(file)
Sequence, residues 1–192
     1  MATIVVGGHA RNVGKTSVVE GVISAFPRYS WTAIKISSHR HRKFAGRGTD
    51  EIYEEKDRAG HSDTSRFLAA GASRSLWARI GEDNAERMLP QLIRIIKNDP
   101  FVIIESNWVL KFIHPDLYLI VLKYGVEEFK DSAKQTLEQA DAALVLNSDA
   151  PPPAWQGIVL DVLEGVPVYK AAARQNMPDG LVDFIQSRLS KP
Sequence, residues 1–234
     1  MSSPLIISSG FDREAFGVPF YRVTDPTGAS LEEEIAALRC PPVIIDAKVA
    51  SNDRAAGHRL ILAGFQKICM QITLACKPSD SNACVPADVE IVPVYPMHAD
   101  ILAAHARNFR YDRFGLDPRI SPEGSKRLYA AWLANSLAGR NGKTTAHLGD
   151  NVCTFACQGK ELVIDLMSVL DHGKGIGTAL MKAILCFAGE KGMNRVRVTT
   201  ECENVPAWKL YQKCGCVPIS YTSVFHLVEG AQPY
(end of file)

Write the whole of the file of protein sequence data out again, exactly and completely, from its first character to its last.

Sequence, residues 1–192
     1  MATIVVGGHA RNVGKTSVVE GVISAFPRYS WTAIKISSHR HRKFAGRGTD
    51  EIYEEKDRAG HSDTSRFLAA GASRSLWARI GEDNAERMLP QLIRIIKNDP
   101  FVIIESNWVL KFIHPDLYLI VLKYGVEEFK DSAKQTLEQA DAALVLNSDA
   151  PPPAWQGIVL DVLEGVPVYK AAARQNMPDG LVDFIQSRLS KP
Sequence, residues 1–234
     1  MSSPLIISSG FDREAFGVPF YRVTDPTGAS LEEEIAALRC PPVIIDAKVA
    51  SNDRAAGHRL ILAGFQKICM QITLACKPSD SNACVPADVE IVPVYPMHAD
   101  ILAAHARNFR YDRFGLDPRI SPEGSKRLYA AWLANSLAGR NGKTTAHLGD
   151  NVCTFACQGK ELVIDLMSVL DHGKGIGTAL MKAILCFAGE KGMNRVRVTT
   201  ECENVPAWKL YQKCGCVPIS YTSVFHLVEG AQPY